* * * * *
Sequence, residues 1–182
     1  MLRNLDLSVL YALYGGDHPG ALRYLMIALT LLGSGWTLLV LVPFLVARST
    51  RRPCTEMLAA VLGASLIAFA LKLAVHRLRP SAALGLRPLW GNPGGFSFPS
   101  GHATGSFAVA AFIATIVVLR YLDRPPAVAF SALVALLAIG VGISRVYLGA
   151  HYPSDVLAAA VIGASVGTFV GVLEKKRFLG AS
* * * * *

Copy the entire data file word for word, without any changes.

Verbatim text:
Sequence, residues 1–182
     1  MLRNLDLSVL YALYGGDHPG ALRYLMIALT LLGSGWTLLV LVPFLVARST
    51  RRPCTEMLAA VLGASLIAFA LKLAVHRLRP SAALGLRPLW GNPGGFSFPS
   101  GHATGSFAVA AFIATIVVLR YLDRPPAVAF SALVALLAIG VGISRVYLGA
   151  HYPSDVLAAA VIGASVGTFV GVLEKKRFLG AS